Physical Properties Colorless Liquid or Gas Boiling Point = - 28 O F Freeze Point = O F Physical Temp. = < - 44 O F Odor = Pungent Odor Odor Threshold = PPM Physical State = Liquid or Gas pH = Vapor Density = Vapor Pressure = 124.9psi Solubility = Soluble
Effects of Ammonia on the Human Body Anhydrous will remove the moisture from anything it comes into contact with.
Effects of Ammonia on the Human Body Inhalation Hazard High concentrations of Anhydrous Ammonia can cause severe respiratory irritation, chest pain, pulmonary edema and death.
The eyes are especially susceptible to Anhydrous Ammonia damage. Always wear proper Chemical Goggles when working with Anhydrous Ammonia. Effects of Ammonia on the Human Body
The effects of Anhydrous Ammonia are often displayed in parts per million. It is often very difficult to visualize what or how much 1 part per million is.
Effects of Anhydrous Ammonia In - Parts Per Million – (ppm) Table 1. Exposure Levels and The Human Body. Exposure (ppm)Effect on the Body Pe rm issi ble Ex po sur e 50 ppmDetectable by most peopleNo inj ur y fro m pr olo ng ed, or re pe ate d ex po sur e 134 ppmIrritation of nose and throatEig ht ho urs ma xi mu m ex po sur e 700 ppmCoughing, severe eye irritation, may lead to loss of sight On e ho ur ma xi mu m ex po sur e 1,700 ppmSerious lung damage, death unless treatedNo ex po sur e pe rm issi ble 2,000 ppmSkin blisters and burns within secondsNo ex po sur e pe rm issi ble 5,000 ppmSuffocation within minutesNo ex po sur e pe rm issi ble Table 1. Exposure Levels and The Human Body. Exposure (ppm)Effect on the BodyPermissible Exposure 50 ppmDetectable by most peopleNo injury from prolonged, or repeated exposure 134 ppmIrritation of nose and throatEight hours maximum exposure 700 ppmCoughing, severe eye irritation, may lead to loss of sight One hour maximum exposure 1,700 ppmSerious lung damage, death unless treated No exposure permissible 2,000 ppmSkin blisters and burns within seconds No exposure permissible 5,000 ppmSuffocation within minutesNo exposure permissible
Gloves Approved NH 3 cotton-lined gloves Cuff the ends Wash gloves after use
Clothing Long sleeve cotton shirt Long pants Close toe shoes/steel toe boots
Anhydrous Ammonia Response Aid Flush the exposed area withfor a minimum of 15 minutes or longer. Flush the exposed area with WATER for a minimum of 15 minutes or longer.
First Aid If the eyes are involved: The eye lid will attempt to stay closed. This is a natural reaction. The eye lid will attempt to stay closed. This is a natural reaction. Holding the eye lid open, flush the eye or eyes with an abundant supply of water for at least 15 minutes or longer. Holding the eye lid open, flush the eye or eyes with an abundant supply of water for at least 15 minutes or longer.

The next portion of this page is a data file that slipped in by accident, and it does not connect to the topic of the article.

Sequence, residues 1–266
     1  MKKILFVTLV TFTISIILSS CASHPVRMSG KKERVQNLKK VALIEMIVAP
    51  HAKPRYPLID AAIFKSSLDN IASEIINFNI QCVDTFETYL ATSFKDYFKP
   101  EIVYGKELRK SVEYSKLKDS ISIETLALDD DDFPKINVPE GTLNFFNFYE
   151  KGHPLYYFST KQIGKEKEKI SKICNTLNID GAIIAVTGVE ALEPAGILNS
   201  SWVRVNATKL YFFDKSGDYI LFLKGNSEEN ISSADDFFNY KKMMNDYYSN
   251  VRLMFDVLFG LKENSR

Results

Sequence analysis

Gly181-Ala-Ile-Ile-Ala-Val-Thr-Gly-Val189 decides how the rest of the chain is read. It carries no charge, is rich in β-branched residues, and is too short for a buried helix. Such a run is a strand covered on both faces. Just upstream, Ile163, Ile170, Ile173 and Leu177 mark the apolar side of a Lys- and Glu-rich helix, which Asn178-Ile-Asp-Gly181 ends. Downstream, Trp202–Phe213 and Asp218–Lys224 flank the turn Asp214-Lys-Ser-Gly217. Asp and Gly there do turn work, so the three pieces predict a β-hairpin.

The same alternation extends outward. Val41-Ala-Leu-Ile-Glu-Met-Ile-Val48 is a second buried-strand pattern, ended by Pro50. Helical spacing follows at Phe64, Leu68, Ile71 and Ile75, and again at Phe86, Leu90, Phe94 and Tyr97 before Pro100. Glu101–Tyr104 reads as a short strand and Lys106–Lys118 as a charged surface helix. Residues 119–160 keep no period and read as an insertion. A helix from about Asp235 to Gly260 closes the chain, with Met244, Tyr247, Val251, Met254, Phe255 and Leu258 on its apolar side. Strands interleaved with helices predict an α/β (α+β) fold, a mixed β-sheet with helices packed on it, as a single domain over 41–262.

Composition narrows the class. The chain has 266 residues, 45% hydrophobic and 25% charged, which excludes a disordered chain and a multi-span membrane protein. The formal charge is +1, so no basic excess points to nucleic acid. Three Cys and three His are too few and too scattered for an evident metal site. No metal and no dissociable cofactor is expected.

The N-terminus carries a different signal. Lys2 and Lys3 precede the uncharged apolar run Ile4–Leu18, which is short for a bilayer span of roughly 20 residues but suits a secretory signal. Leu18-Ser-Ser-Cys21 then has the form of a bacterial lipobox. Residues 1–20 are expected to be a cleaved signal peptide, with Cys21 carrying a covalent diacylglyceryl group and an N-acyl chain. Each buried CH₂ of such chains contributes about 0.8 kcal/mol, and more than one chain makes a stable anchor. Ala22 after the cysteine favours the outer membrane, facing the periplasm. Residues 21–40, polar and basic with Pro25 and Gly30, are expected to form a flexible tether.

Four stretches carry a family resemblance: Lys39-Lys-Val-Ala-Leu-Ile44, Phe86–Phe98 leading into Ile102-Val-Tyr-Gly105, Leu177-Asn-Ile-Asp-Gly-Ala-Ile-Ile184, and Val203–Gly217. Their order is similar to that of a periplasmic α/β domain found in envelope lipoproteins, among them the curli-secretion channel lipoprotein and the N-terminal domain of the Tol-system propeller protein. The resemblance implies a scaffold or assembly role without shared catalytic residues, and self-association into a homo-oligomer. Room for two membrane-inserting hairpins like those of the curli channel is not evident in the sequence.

First Aid Obtain a Safety Data Sheet and seek Medical Attention Immediately.
First Aid ABSOLUTELY NO SALVES, OILS OR OINTMENTS FOR AT LEAST 24 HOURS AFTER EXPOSURE. Salves, oils, and ointments trap the Ammonia in the pores of the skin and will not allow the ammonia to evaporate.
REMEMBER WATER Is the key! Always have a water source available for use in the event of exposure.
CASE STUDY #IABUNH775 Anhydrous exposure In May, a 30 year old male was applying anhydrous ammonia when he realized he had a plugged applicator. He was just finished with the field, so he went to the farmstead to make repairs. When he started to unplug the point, the pressure blew the plug out, spraying anhydrous ammonia in his face and down the front of his open shirt. He had no water to rinse the area. His wife heard his screams, called for help, then ran to his aid. EMS arrived and found the patient writhing on the ground. They grabbed a hose and rinsed the patient off for fifteen minutes, also removing his clothes. The patient has redness and swelling to his head and upper torso.
The Boiling Point of Anhydrous Ammonia A) 212 degree F B) 58 degrees F C) -28 degrees F D) None of the above
Resources National Pesticide PPE Training Solutions Committee
Resources TyVex : EPA LOP (levels of protection) us/dpt/article/epa-guidelines.html us/dpt/article/epa-guidelines.html Personal Protective Equipment - EPA Interpreting PPE Statements on Pesticide Labels EPA Label Review Manual – Chapter 10 Respirators – NIOSH/ CDC Respirator Certified Equipment List Search
OSHA Resources OSHA Respiratory selection e-tool Respiratory uses Medical Requirements Maintenance and care of respirators Fit testing Written Programs Voluntary Use of Respirators Respiratory Change Schedules Respirator Selection
OSHA Resources Respirators QuickCard™ (OSHA ) (English: HTML PDF ) (OSHA ) (Spanish: HTML PDF ) Respiratory Protection Standard: Small Entity Compliance Guide (English: PDF ) Respiratory Protection: Assigned Protection Factors for the Revised Respiratory Protection Standard (OSHA ) (English: HTML PDF ) Respiratory Protection: Respiratory Infection Control - Respirators Versus Surgical Masks Fact Sheet (English: HTML PDF)HTMLPDFHTMLPDF HTMLPDFHTMLPDF
You have the right to: A safe and healthful workplace Know about hazardous chemicals Information about injuries and illnesses in your workplace Complain or request hazard correction from employer Employee Rights and Responsibilities
You have the right to: Training Access to Hazard exposure and medical records File a complaint with OSHA Participate in an OSHA inspection Be free from retaliation for exercising safety and health rights Employee Rights and Responsibilities
OSHA website: and OSHA offices: Call or Write ( OSHA)www.osha.gov Compliance Assistance Specialists in the area offices National Institute for Occupational Safety and Health (NIOSH) – OSHA’s sister agency OSHA Training Institute Education Centers Doctors, nurses, other health care providers Public libraries Other local, community-based resources Employee Rights and Responsibilities
Disclaimers This material was produced under a grant (SH22284SH1) from the Occupational Safety and Health Administration, U.S. Department of Labor. It does not necessarily reflect the views or policies of the U.S. Department of Labor, nor does the mention of trade names, commercial products, or organization imply endorsement by the U.S. Government.